Definitely don't do this. That is one of the worst thing you can do to a Lithium ion battery. It does nothing but harm your battery.
Up until somewhat recently, Apple recommended people do this monthly... Doesn't harm it as much as you'd think. Yes, draining a lithium ion to 0% with no voltage will destroy it, but the phone turns off way before this happens. A lot of people use their phones till it hits 0% and turns off - yes, this is more stress on the battery, but the WORST thing you can do is leave your phone in the hot sun (direct sunlight) for hours and hours, not run it down to 0%. ....
My wife runs her phone down to single digits all the time and her battery capacity (mAh) vs design capacity (mAh) is within 5% of mine and I use my phone mostly from 80-100%.
From Apple's own website:
Use iPhone Regularly
For proper maintenance of a lithium-based battery, it’s important to keep the electrons in it moving occasionally. Be sure to go through at least one charge cycle per month (charging the battery to 100% and then completely running it down).
Looks like they got rid of this in 2014? The archive website is horribly slow.
Not that I'd recommend it often, but it does help with battery % calibration.
I've had more than a few times where, after an iOS update, my battery drops 50% in less than an hour. This continues to happen even after reboots. I find running it down to 0%, the phone will last 5-6 hours at 6% and then finally die - recalibrating the battery % reader. As I stated in my original post, this usually only happens after a major iOS update for me.
It's pretty amazing people will believe a $1.99 app instead decades of academic and industrial research on lithium batteries.
Instead, people want to believe their battery with over 200 cycles hasn't aged a bit. LOL.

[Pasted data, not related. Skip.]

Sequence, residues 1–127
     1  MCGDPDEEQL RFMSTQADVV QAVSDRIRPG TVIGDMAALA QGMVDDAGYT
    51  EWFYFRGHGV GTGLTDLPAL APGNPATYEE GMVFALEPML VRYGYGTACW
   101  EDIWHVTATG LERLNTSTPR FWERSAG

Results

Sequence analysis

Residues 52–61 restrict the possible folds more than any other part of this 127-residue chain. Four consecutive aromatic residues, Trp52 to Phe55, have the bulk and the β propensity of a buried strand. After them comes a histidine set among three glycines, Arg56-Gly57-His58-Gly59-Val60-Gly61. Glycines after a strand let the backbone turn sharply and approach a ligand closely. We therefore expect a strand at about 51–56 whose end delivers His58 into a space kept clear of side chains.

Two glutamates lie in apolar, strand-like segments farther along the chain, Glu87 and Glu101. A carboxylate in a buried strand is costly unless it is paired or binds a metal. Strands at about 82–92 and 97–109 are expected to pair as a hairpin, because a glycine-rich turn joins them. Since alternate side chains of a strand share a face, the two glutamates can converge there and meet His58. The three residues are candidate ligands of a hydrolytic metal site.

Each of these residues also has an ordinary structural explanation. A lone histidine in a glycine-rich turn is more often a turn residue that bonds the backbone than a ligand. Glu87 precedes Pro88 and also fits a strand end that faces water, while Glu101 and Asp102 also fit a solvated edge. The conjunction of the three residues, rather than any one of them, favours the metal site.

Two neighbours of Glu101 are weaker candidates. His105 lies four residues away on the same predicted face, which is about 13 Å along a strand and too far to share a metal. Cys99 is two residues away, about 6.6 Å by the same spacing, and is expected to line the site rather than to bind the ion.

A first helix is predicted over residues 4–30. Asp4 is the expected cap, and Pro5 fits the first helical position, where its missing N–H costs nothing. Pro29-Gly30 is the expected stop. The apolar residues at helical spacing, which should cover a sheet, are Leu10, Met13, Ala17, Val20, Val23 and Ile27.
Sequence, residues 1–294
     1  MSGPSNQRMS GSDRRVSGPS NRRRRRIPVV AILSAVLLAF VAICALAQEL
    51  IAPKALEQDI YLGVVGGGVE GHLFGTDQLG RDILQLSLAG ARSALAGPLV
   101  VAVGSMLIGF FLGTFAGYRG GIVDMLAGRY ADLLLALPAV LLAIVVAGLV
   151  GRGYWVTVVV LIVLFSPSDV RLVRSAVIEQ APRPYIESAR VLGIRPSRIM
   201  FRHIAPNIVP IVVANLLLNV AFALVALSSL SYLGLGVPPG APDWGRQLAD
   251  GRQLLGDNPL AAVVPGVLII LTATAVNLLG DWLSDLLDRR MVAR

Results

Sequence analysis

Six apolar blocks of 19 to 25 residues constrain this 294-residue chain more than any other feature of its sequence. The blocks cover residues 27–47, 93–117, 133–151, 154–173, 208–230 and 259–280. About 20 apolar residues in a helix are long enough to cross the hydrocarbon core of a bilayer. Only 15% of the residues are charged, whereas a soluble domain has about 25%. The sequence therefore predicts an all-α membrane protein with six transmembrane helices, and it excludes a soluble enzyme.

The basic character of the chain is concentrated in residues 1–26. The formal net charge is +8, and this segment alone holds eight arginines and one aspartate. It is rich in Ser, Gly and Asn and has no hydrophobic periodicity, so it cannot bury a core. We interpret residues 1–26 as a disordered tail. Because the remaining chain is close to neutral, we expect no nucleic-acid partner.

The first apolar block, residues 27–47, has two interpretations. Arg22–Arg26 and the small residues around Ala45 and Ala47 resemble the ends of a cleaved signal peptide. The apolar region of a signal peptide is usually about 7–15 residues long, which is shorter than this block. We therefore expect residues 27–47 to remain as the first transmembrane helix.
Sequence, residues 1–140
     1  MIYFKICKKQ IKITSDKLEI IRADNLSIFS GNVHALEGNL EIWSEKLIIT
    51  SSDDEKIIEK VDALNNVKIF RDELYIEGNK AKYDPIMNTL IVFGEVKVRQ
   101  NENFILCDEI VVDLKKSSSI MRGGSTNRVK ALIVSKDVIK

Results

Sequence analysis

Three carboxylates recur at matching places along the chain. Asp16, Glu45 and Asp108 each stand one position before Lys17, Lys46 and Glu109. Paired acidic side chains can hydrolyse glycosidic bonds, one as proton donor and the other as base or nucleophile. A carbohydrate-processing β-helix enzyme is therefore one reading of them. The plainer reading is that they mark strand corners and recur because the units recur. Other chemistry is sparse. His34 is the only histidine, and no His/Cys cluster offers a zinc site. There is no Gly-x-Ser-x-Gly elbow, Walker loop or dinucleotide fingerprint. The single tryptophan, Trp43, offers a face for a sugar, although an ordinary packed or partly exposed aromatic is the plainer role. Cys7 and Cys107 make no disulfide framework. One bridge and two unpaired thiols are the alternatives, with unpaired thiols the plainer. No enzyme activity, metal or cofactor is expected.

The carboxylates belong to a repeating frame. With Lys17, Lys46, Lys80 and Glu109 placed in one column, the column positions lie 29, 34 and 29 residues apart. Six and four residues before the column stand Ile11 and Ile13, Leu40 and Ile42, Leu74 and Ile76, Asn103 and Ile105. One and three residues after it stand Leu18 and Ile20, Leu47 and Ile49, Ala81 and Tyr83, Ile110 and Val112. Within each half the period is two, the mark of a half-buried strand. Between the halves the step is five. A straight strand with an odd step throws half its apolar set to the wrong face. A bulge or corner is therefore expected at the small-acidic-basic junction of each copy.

The app is reading data put out by the phone. Are you calling the own phone's stats incorrect? As posted on other threads in this forum, coconutBattery is far more accurate since iOS hides a lot of the data that it used to show pre-iOS 10.
Having actually worked with lithium ion batteries for awhile (they're a hobby of mine) - it's not uncommon for mAh capacity to be near or close to design mAh capacity after 1-2 years of usage with care... Most cheap batteries drop very fast, but if you get high end Panasonic or similar cells - they can be close to 100% even after years of usage. Otherwise Tesla cars wouldn't last more than a few years...
My boss had an old iPhone 4s with thousands of cycles on it - still using it for his daily phone up until a few months ago. These batteries are pretty resilient if you take care of them.
The guy who did this website (Isidor Buchmann) writes a great book about batteries - https://www.amazon.com/Batteries-Po...id=1499300150&sr=8-1&keywords=isidor+buchmann
As you can see, for the 1-2C discharges, the capacity stays about the same. http://batteryuniversity.com/learn/article/bu_808b_what_causes_li_ion_to_die
So has a battery after 200 cycles aged? Yes. Has it lost capacity? For some, maybe not a lot depending on how it was abused/used.
But you guys both have good advice for battery longevity: Charge slow, don't run down past 40% if you can help it, and avoid heat.